Keep in mind that using a standing desk is like any other “intervention” — it can come with “side effects.” For example, if you suddenly go from sitting all day to standing all day, you run the risk of developing back, leg, or foot pain; it’s better to ease into it by starting with 30 to 60 minutes a day and gradually increasing it. Setting a timer to remind you when to stand or sit (as many experts recommend) can disrupt your concentration, reduce your focus, and reduce your efficiency or creativity. You may want to experiment with different time intervals to find the one that works best for you.

It’s also true that certain tasks — especially those requiring fine motor skills — are more accurately performed while seated. So, a standing desk may not be a good answer for everyone who sits a lot at work.
What’s next?

We have seen dramatic changes in the work environment in recent years. These include open floor plans and inflatable exercise balls instead of chairs, as well as standing desks. I have colleagues who have installed a “treadmill desk” that allows them to work on a computer or video conference while walking on a treadmill. There are advantages, and perhaps some risk, that come with each of these changes. But, before we accept them as better — or healthy — we should withhold judgment until we have the benefit of more experience and, ideally, well-designed research. I loved riding my bicycle as a kid, and whizzing along wooded roads with friends on crisp autumn days. For me, the images of blurred leaves and sunshine are still fresh, as are the feelings of freedom, joy, and the wind on my skin. Now, only an occasional bike ride with my children reminds me how much I love cycling.

But there are plenty of reasons to go for a ride, no matter what your age. “It’s fun, it’s socially oriented, and it gets you outside and exercising,” says Dr. Clare Safran-Norton, a physical therapist at Harvard-affiliated Brigham and Women’s Hospital. Plus, cycling is an aerobic activity, it’s easy on the joints, and it helps build muscle and bone.
Back in the saddle

Hopping on a bicycle sounds easy enough, but it can be a little more challenging as we get older, with stiff joints that may make it hard to swing a leg over the top tube of a two-wheeler.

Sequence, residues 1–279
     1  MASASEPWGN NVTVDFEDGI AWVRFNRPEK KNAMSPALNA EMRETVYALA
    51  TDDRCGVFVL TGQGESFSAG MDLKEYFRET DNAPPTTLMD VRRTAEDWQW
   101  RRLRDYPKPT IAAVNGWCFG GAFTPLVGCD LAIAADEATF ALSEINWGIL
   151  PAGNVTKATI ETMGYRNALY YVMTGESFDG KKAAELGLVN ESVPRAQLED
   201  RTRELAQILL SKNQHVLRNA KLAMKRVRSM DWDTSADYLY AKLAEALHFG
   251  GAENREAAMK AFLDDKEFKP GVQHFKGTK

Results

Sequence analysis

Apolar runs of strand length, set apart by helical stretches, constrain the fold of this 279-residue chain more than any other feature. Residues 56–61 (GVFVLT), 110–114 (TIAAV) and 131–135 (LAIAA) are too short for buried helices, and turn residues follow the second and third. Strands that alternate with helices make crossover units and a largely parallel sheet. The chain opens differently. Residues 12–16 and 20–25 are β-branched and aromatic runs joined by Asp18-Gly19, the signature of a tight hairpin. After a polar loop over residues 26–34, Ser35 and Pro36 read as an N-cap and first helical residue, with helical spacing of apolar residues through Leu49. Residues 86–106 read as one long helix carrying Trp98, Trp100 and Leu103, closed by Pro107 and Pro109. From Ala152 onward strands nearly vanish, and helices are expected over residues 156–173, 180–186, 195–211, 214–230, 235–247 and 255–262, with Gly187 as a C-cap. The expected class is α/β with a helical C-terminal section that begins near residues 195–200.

Fortunately, bike manufacturers are responding to meet riders’ needs. One option is the step-through bike, a two-wheeler with a low or absent top tube. “I get emails from people who tell me they’re riding for the first time in 20 years,” says Tony Biria of Biria Bicycles, which in 2002 introduced a bicycle to the U.S. with a top tube that’s just six inches off the ground. Beach cruisers and comfort bikes are also popular among older cyclers. All three of these bike types feature high-rise handlebars that enable you to sit upright; wide tires for a smooth ride; shock-absorbing seat posts; and lower top tubes.

Other bike types include tricycles, which are helpful if you are less stable on your feet; and recumbent bikes that allow you to lean back and ride. “If you have spinal stenosis, a recumbent bike puts your spine in a flexed position and gives you pain relief. But if you have a herniated disk, the bike can make the disk bulge more,” says Dr. Safran-Norton.
Gear up

You can make cycling even safer and more comfortable with special equipment.

Cycling clothes have high-tech fibers that wick away moisture. They are usually neon-colored, with reflective material so you’ll be visible to drivers. Bike shorts have a thick pad or chamois to prevent chafing and provide cushioning.

Bicycle seats (called “saddles” in cycling lingo) are available with extra padding, in wide styles that support the pair of bones you sit on. Go even further with a saddle that relieves pressure on the perineum, the area between those bones, behind the genitals. It’s home to nerves and arteries that supply the lower body, and too much pressure here may cause numbness and tingling in the legs. Pressure-relieving saddles may have a “noseless” or horseshoe design.
Prepare before taking to the road

Getting a comfy bike and all the trimmings isn’t enough preparation to hit the road. You’ll want to consult your doctor first, especially if you have heart disease, arthritis, or thinning bones. “If you have osteoporosis, consider riding a tricycle, which is more stable than a two-wheeler, posing less of a fall risk. I’d advise that you don’t ride a bike if you’ve had a recent fracture. Another fall could make it worse,” says Dr. Safran-Norton.

When riding, remember that the seat height should allow a slight bend at your knee. “You don’t want a straight knee at bottom of the pedal stroke, because the bike could be too tall and you could fall off,” says Dr. Safran-Norton.

Other tips:

    wear a helmet
    don’t use clips to keep your feet on the pedals, which can make injuries worse if you fall
    don’t ride alone
    stick to bike paths instead of the street
    stay hydrated before, during, and after your ride
    and use sunscreen and sunglasses.

Minding these safety tips is crucial. Some evidence suggests that bicycle injuries among people over age 45 have risen dramatically since 1998. But as long as you take precautions, cycling is still considered a safe way to exercise, get around, and have fun.

And remember that having fun is really what this is all about. If you enjoy exercising, you’ll be more likely to do it. In the case of cycling, it may even make you feel like a kid again.